New Resveratrol Mechanisms Found
It was previously thought that resveratrol’s mechanism of action directly activated the gene sequencing molecule called surtuin-1, which regulated cellular aging. While the new research does illustrate that surtuin-1 is activated by resveratrol, the activation takes place indirectly by inhibiting a category of enzymes called cAMP-degrading phosphodiesterases, or PDEs.
The reason for the significance of the discovery is that blocking these enzymes increases levels of available cAMP. High cAMP levels allow clear signalling responses to blood glucose levels, while activating an enzyme called AMPK. This pathway increases the cells’ energy productivity, utilizes glucose better, and helps strengthens cells.
Resveratrol’s mechanisms illustrate why it can increase weight loss and balance blood sugar levels.
Jay Chung, MD, PhD, lead researcher in the study, confirmed the significance for these new findings. “Resveratrol has the potential as a therapy for diverse diseases such as type 2 diabetes, Alzheimer’s disease and heart disease.”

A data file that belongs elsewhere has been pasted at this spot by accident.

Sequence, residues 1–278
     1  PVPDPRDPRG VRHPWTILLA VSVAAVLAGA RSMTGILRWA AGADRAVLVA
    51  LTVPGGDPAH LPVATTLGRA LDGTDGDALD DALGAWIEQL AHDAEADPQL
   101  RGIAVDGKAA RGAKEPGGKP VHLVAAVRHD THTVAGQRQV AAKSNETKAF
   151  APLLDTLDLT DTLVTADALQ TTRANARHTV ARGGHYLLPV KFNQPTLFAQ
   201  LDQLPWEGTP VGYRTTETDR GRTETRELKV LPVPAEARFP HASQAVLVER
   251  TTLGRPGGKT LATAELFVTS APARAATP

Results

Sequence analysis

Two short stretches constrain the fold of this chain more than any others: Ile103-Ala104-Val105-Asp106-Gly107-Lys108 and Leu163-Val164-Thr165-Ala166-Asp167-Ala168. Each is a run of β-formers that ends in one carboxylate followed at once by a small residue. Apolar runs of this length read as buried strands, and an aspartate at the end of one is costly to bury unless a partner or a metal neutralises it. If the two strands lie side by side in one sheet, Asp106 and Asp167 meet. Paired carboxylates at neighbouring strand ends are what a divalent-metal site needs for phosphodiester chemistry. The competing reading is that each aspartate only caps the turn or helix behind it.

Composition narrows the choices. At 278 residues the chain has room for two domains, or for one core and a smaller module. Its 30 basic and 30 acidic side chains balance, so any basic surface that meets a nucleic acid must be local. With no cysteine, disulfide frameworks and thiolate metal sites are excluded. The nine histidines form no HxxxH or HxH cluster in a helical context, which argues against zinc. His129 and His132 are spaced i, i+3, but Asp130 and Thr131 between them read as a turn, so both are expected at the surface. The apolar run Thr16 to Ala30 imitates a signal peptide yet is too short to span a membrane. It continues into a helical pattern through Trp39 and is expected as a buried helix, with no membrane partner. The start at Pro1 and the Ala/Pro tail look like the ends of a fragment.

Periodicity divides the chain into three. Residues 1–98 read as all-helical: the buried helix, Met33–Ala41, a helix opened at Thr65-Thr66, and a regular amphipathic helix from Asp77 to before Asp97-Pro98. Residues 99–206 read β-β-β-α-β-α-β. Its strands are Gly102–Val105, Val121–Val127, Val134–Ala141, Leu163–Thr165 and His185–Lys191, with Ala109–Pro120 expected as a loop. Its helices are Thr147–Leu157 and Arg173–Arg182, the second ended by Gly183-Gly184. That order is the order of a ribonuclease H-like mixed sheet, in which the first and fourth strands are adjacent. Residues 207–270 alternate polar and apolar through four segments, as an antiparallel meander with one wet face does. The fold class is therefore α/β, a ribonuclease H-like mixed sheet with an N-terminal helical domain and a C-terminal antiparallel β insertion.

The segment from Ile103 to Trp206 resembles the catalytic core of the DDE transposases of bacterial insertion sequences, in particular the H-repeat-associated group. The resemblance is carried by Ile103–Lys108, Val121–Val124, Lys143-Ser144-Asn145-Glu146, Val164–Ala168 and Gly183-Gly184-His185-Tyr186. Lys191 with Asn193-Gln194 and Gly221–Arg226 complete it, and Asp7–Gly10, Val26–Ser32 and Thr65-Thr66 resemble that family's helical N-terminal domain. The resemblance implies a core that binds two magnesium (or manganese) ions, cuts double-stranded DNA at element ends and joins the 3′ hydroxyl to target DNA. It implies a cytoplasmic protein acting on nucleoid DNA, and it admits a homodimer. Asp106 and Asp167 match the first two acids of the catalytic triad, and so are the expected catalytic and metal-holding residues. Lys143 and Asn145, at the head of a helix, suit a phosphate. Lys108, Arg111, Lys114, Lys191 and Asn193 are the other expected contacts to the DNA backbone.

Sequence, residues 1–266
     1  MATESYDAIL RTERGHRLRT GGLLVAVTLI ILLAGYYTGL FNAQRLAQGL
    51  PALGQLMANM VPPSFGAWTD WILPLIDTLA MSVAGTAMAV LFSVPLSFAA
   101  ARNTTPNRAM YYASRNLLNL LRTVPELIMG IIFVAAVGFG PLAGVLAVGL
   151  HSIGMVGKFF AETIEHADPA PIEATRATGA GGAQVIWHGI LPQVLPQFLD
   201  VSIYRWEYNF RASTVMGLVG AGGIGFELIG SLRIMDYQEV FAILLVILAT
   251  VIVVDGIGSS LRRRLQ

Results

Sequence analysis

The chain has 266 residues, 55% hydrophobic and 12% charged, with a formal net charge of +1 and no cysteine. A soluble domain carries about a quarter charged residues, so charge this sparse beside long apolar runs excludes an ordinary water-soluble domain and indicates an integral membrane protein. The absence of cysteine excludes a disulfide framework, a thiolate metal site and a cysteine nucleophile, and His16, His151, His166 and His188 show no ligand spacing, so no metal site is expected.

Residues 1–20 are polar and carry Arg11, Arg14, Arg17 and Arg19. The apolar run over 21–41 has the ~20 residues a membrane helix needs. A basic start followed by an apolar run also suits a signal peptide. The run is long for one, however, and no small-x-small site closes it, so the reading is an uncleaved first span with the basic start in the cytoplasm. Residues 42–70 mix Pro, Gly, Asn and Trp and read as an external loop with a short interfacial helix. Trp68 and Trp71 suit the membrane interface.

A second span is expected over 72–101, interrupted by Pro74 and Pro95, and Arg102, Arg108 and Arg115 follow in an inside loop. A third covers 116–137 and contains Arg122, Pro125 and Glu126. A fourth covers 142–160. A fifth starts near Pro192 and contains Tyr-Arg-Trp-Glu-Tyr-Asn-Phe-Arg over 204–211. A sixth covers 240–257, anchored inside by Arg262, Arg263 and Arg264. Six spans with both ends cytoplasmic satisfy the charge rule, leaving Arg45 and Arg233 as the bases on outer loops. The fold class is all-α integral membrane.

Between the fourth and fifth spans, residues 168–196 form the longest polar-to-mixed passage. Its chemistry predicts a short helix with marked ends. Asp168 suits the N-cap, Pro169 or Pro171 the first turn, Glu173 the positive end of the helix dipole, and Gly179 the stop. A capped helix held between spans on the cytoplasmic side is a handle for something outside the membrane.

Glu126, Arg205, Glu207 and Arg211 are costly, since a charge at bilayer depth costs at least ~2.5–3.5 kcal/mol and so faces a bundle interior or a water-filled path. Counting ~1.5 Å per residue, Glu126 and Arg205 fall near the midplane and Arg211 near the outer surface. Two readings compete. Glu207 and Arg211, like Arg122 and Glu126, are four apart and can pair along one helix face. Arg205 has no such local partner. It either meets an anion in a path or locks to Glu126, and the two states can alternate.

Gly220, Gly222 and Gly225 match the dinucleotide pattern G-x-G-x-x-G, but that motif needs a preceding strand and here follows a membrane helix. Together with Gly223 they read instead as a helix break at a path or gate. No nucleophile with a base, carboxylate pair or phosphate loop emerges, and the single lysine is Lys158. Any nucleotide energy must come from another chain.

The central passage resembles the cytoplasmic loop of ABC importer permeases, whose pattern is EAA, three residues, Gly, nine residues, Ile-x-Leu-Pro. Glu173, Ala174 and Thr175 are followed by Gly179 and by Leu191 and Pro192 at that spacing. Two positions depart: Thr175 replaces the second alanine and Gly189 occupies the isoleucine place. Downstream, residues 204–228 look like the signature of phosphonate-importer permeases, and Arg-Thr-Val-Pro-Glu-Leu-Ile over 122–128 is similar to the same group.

Resveratrol is most famously known to be come from wine, but the grape’s seeds and skins actually contain more resveratrol than the grape’s juice. This makes fresh grapes, raisins and grapeseed extract a more potent in terms of resveratrol content. Besides grapes, many red berries also contain resveratrol. The Japanese knotweed herb maintains one of the highest resveratrol contents known, and most supplements are derived from knotweed extract.
Written by Case Adams, PhD
Chung JH. Using PDE inhibitors to harness the benefits of calorie restriction: lessons from resveratrol. Aging (Albany NY). 2012 Mar 4.
Park SJ, Ahmad F, Philp A, Baar K, Williams T, Luo H, Ke H, Rehmann H, Taussig R, Brown AL, Kim MK, Beaven MA, Burgin AB, Manganiello V, Chung JH. Resveratrol ameliorates aging-related metabolic phenotypes by inhibiting cAMP phosphodiesterases. Cell. 2012 Feb 3;148(3):421-33.